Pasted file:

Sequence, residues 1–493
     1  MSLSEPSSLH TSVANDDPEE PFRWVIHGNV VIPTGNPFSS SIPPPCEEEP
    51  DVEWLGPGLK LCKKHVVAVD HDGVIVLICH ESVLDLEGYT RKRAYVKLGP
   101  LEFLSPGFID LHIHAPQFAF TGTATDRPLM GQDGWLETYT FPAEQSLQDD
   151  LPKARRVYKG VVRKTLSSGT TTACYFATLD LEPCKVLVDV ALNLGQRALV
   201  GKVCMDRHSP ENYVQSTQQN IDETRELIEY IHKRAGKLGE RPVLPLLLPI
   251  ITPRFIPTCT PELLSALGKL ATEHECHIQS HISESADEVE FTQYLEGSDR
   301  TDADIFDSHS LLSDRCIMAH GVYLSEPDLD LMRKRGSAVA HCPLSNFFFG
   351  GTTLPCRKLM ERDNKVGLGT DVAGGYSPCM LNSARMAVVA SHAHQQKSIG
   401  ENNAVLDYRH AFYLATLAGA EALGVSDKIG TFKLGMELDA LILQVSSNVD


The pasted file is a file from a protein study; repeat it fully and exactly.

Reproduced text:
Sequence, residues 1–493
     1  MSLSEPSSLH TSVANDDPEE PFRWVIHGNV VIPTGNPFSS SIPPPCEEEP
    51  DVEWLGPGLK LCKKHVVAVD HDGVIVLICH ESVLDLEGYT RKRAYVKLGP
   101  LEFLSPGFID LHIHAPQFAF TGTATDRPLM GQDGWLETYT FPAEQSLQDD
   151  LPKARRVYKG VVRKTLSSGT TTACYFATLD LEPCKVLVDV ALNLGQRALV
   201  GKVCMDRHSP ENYVQSTQQN IDETRELIEY IHKRAGKLGE RPVLPLLLPI
   251  ITPRFIPTCT PELLSALGKL ATEHECHIQS HISESADEVE FTQYLEGSDR
   301  TDADIFDSHS LLSDRCIMAH GVYLSEPDLD LMRKRGSAVA HCPLSNFFFG
   351  GTTLPCRKLM ERDNKVGLGT DVAGGYSPCM LNSARMAVVA SHAHQQKSIG
   401  ENNAVLDYRH AFYLATLAGA EALGVSDKIG TFKLGMELDA LILQVSSNVD